empire had fully occupied northwestern India. The Mauryan Empire then defeated the Seleucid
Empire during the Seleucid–Mauryan war, thus acquiring territory west of the Indus
River. Under Chandragupta Maurya and his successors,
internal and external trade, agriculture, and economic activities all thrived and expanded
across South Asia due to the creation of a single and efficient system of finance, administration,
and security. The Maurya dynasty built the Grand Trunk Road, one of Asia’s oldest and longest
trade networks, connecting the Indian subcontinent with Central Asia. After the Kalinga
War, the Empire experienced nearly half a century of centralized rule under Ashoka.
The Lion Capital of Ashoka at Sarnath is the national emblem of the modern Republic
of India. The Mauryan kings are known as much for their empire-building and determined management
of public life as for Ashoka’s renunciation of militarism and far-flung advocacy of the
Buddhism. Between 200 BCE and 200 CE, the southern peninsula
was ruled by the Cheras, the Cholas, and the Pandyas, dynasties that traded extensively
with the Roman Empire and with South-East Asia. The Gupta Empire was an ancient Indian empire
existing from the mid-to-late 3rd century CE to 543 CE. The ruling dynasty of the empire
was founded by the king Sri Gupta. By the 4th and 5th centuries, the Gupta Empire had
created a complex system of administration and taxation in the greater Ganges Plain that
became a model for later Indian kingdoms. Some historians consider the Golden Age of India
to last from 319 to 543 A.D. This Golden Age was reflected in a flowering of sculpture and architecture,
which found patrons among an urban elite. Classical Sanskrit literature flowered as well, and Indian
science, astronomy, medicine, and mathematics made significant advances. After the 10th century, Muslim Central Asian
nomadic clans, using swift-horse cavalry and raising vast armies united by ethnicity
and religion, repeatedly overran South Asia’s north-western plains, leading eventually to
the establishment of the Islamic Delhi Sultanate in 1206. Qutb
al-Din Aibak, a former Turkic Mamluk slave of Muhammad Ghori was the first sultan of
Delhi, and his Mamluk dynasty conquered large areas of northern India. The Delhi Sultanate stretched
over large parts of the Indian subcontinent for 320 years (1206–1526). The sultanate was
to control much of North India and to make many forays into South India. Although at
first disruptive for the Indian elites, the sultanate largely left its vast non-Muslim
subject population to its own laws and customs. The sultanate is noted for being one of the few
powers to repel attacks by the Mongols, causing the decline of Buddhism in East India and Bengal, and
enthroning one of the few female rulers in Islamic history, Razia Sultana, who reigned from
1236 to 1240. The sultanate’s raiding and weakening of the regional kingdoms of
South India paved the way for the indigenous Vijayanagara Empire. The Vijayanagara Empire was based
in the Deccan Plateau region in South India. It was established in 1336 by Harihara I and
his brother Bukka Raya I of Sangama Dynasty. The empire rose to prominence as a culmination
of attempts by the southern powers to ward off Islamic invasions by the end of the 13th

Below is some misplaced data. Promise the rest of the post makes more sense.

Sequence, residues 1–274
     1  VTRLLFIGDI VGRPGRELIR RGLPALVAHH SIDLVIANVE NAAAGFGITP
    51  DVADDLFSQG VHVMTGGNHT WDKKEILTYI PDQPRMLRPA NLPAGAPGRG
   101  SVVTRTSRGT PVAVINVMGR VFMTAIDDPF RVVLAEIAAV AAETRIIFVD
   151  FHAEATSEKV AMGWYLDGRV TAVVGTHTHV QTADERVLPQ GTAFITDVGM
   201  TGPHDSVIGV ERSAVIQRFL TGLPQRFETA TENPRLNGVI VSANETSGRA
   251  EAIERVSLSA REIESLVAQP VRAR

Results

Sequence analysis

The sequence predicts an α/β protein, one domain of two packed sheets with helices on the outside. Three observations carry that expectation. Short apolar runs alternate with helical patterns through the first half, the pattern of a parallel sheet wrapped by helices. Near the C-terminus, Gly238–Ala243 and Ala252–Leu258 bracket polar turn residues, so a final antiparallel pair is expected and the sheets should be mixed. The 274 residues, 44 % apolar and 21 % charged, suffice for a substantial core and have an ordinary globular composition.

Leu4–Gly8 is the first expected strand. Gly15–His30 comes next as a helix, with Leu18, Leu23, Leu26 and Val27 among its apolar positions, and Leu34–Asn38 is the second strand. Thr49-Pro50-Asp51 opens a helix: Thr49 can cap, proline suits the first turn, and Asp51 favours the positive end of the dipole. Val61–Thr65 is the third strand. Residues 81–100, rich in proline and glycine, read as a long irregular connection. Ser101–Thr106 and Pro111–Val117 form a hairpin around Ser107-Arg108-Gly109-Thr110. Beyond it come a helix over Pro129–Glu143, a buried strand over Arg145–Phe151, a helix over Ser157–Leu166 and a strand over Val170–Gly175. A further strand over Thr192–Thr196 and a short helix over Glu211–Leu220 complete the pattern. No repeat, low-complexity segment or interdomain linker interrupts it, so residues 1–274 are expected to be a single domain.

century. It lasted until 1646, although its power declined after a major military defeat
in the Battle of Talikota in 1565 by the combined armies of the Deccan sultanates. The Vijayanagara
Empire created an epoch in South Indian history that transcended regionalism by promoting
Hinduism as a unifying factor. In the early 16th century, northern India,
then under mainly Muslim rulers, fell again to the superior mobility and firepower
of a new generation of Central Asian warriors. The Mughal Empire, or Mogul Empire, was an early-modern
empire in South Asia which lasted about two centuries. At its greatest extent, it was
one of the largest empires in the history of South Asia.
The Mughal Empire is conventionally said to have been founded in 1526 by Babur, a warrior
chieftain from what today is Uzbekistan, who employed aid from the neighboring Safavid and Ottoman empires to
defeat the Sultan of Delhi in the First Battle of Panipat, and to sweep down the plains
of Upper India. The Mughal Empire was created and sustained by military warfare, but the
resulting Mughal Empire did not stamp out the local societies it came to rule. Instead,
it balanced and pacified them through new administrative practices and diverse
and inclusive ruling elites, leading to more systematic, centralized, and uniform
rule. Eschewing tribal bonds and Islamic identity, especially under Akbar, the Mughals
united their far-flung realms through loyalty, expressed through a Persianized culture, to
an emperor who had near-divine status. The Mughal state’s economic policies, deriving
most revenues from agriculture and mandating that taxes be paid in the well-regulated silver
currency, caused peasants and artisans to enter larger markets. The relative
peace maintained by the empire during much of the 17th century was a factor in India’s
economic expansion, resulting in greater patronage of painting, literary forms, textiles,
and architecture. Expanding commerce during Mughal rule gave rise to new Indian
commercial and political elites along the coasts of southern and eastern India. Mughal
India was a world leader in manufacturing, producing about 25% of the world’s industrial output
up until the 18th century. By the early 18th century, with the lines
between commercial and political dominance being increasingly blurred, a number of European